No off ramp for Putin as Ukraine burns
This week, as the war in Ukraine raged on, an old Soviet joke made a comeback to the Russian-speaking web.
It tells a story of a Moscow resident who every morning buys a newspaper, carefully scans the front page and tosses it, visibly frustrated, into a bin. Eventually, the newspaper-seller asks the man what it is that he is looking for. An obituary, the man replies. “But obituaries are at the back of the paper,” the salesman says. “The one I am looking for will be at the front,” the man responds.
And there lies the most frightening insight into the current situation: there is no off ramp for Vladimir Putin and no way in sight out of this war.
It is clear that things are going badly for Putin. Russia’s narrative of its newly re-built, high tech powerful army now looks like another Kremlin lie. Russia’s military performance has shocked even the most skeptical analysts. The losses, both manpower and firepower, are enormous.
All of this, along with the Western arms supplies, has so far enabled Ukrainians to hold on to all major cities and keep up their morale, but it is not enough to win the war. The sheer size of the Russian army and Putin’s disregard for human lives give Russia a massive advantage. Russia might not have the ability to occupy Ukraine, but it can still destroy it.
There is no obvious way for either side to win this war. Russians see that too.
“We should not have gone in if we didn’t have a plan for taking any of the cities. If you don’t take cities you achieve nothing. Not a single significant city has been taken,” an angry guest said to Vladimir Solovyov, one of the Kremlin’s chief propagandists, in a show aired this week.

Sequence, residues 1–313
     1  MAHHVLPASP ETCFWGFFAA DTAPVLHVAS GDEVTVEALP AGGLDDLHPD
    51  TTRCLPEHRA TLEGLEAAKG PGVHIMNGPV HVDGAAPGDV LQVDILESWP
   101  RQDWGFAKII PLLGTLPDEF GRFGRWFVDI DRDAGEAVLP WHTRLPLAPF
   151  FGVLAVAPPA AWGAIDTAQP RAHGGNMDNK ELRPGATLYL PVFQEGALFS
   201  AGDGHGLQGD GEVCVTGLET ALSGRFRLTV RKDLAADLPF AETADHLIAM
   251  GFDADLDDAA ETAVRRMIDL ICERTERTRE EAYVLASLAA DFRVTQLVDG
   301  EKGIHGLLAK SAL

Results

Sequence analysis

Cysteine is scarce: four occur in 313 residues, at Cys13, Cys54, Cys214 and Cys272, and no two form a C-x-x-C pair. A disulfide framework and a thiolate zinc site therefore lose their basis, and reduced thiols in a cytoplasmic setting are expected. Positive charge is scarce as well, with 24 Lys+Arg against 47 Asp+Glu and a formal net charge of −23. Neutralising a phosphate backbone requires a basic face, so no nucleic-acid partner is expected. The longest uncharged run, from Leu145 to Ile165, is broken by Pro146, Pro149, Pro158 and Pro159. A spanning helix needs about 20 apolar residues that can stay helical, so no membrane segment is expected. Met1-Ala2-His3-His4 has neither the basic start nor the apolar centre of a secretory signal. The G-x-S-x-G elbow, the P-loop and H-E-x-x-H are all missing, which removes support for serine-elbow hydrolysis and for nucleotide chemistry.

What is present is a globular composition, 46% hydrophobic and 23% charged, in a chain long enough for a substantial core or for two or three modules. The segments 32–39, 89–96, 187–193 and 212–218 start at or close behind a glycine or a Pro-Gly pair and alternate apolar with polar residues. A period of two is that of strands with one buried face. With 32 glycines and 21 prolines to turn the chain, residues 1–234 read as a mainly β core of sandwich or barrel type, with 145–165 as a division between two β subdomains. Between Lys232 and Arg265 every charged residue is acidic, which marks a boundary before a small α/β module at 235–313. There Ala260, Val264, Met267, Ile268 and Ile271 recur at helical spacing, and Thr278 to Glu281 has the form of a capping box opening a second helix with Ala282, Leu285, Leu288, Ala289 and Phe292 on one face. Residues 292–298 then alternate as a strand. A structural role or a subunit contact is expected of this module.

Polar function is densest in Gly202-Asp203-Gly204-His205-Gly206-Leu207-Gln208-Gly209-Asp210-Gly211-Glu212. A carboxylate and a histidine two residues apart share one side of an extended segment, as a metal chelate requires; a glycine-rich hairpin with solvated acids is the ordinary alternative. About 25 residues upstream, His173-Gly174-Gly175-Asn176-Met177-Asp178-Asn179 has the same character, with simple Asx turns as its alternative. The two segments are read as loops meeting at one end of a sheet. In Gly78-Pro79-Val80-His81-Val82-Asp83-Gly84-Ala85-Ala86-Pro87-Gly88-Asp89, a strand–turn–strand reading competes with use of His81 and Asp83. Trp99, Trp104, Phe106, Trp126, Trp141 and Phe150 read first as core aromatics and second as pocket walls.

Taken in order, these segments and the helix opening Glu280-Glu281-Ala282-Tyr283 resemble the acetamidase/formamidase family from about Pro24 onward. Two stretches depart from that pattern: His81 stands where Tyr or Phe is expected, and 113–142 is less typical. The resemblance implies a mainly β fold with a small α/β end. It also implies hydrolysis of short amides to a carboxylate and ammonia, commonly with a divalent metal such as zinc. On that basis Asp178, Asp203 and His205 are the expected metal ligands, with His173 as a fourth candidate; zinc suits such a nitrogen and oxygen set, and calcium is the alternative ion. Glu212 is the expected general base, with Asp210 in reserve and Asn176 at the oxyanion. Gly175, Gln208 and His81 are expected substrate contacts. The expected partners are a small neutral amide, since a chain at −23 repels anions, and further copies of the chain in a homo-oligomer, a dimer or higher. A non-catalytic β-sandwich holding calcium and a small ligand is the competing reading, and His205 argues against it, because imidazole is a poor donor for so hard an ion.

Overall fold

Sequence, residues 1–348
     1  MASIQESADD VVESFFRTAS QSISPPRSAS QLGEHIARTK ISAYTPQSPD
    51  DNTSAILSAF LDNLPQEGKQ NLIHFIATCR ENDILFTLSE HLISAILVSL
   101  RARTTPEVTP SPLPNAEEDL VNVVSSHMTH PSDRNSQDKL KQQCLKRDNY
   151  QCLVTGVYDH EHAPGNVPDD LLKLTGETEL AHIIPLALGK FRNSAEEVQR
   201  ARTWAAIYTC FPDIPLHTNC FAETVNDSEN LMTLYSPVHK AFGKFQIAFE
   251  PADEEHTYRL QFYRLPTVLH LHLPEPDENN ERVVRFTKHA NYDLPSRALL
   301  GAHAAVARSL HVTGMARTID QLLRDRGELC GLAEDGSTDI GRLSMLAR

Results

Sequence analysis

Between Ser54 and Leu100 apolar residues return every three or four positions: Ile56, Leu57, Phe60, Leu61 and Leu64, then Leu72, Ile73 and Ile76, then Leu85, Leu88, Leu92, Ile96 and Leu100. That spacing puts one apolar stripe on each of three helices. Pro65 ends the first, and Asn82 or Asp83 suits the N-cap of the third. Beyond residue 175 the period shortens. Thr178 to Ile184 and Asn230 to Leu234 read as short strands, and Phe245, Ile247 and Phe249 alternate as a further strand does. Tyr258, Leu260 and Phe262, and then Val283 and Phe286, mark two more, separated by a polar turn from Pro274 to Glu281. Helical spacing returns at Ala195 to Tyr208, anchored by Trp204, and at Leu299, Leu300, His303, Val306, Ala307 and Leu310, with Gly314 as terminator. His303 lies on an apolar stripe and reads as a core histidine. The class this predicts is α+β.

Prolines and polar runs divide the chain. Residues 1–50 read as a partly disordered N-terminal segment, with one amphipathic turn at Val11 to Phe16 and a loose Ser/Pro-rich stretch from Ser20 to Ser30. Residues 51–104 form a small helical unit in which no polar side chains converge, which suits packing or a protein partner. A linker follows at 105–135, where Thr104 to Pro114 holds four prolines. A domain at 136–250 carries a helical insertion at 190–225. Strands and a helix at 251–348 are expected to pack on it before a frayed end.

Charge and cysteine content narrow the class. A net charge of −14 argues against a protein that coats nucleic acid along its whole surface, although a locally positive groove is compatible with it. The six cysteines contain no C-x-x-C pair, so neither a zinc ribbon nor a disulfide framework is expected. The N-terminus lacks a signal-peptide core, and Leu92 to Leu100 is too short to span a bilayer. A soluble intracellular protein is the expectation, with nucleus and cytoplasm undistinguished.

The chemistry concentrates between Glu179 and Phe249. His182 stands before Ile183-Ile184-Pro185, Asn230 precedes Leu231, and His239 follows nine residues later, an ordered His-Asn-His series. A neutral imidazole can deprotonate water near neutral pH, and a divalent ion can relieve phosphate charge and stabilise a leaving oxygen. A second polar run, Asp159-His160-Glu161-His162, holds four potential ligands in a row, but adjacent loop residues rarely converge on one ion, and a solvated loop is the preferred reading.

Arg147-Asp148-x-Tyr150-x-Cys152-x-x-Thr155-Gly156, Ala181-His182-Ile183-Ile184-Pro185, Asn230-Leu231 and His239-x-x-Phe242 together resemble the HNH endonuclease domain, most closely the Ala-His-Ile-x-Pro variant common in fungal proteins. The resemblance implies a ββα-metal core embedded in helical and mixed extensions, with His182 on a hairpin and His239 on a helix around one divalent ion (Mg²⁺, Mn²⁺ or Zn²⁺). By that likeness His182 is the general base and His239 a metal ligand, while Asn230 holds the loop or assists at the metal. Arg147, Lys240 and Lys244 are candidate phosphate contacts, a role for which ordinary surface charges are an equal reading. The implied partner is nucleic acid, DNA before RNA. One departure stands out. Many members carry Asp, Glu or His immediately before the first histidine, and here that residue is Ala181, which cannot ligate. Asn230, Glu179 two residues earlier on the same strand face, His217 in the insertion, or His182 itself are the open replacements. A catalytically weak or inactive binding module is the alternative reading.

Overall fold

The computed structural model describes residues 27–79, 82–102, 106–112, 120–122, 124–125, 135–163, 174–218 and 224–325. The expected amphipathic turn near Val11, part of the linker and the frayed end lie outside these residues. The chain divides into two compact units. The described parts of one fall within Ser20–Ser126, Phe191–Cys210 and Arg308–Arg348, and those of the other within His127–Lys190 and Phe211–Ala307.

The guest was Yakov Kedmi, Moscow-born former Israeli diplomat who has often gone on Russian state TV to defend Putin’s position. This week he sounded depressed as he called Putin’s war a “deadlock.”
This unusual burst of criticism came as a rare, public sign of a narrative crack that revealed that Russian officials were not prepared for either the invasion or for the information war they are now struggling to fight.
Just have a look at this brand new War on Fakes website that launched this week. Russian Foreign Ministry spokeswoman Maria Zakharova says it was put together by a “group of journalists and experts.” Published in six languages, including Mandarin, the website takes every fact of the war and puts a Fake News sign across it.
Russian planes bombing Kyiv? Fake news. Russians blocking humanitarian corridors? Fake news. Russian police beating protesters in Moscow? Fake news. It goes on and on. My favorite: Ukrainian men join the war effort. Fake news.
The Russian attempt to revive its age-long myth that the U.S. is manufacturing bioweapons in Ukraine is just as unconvincing. And yet, this week, they leaned into the narrative heavily and in a very coordinated way. From headlines of all major state outlets to Sergey Lavrov himself, every pro-Putin Russian is now insisting that American biolabs are one of the reasons for the invasion. “This is preposterous,” tweeted the White House press secretary Jen Psaki on Wednesday night. “It’s the kind of disinformation operation we’ve seen repeatedly from the Russians over the years.” On Thursday morning, the Russian Defense Ministry threw coronavirus into the mix, saying Ukrainian biolabs experimented with covid in bats.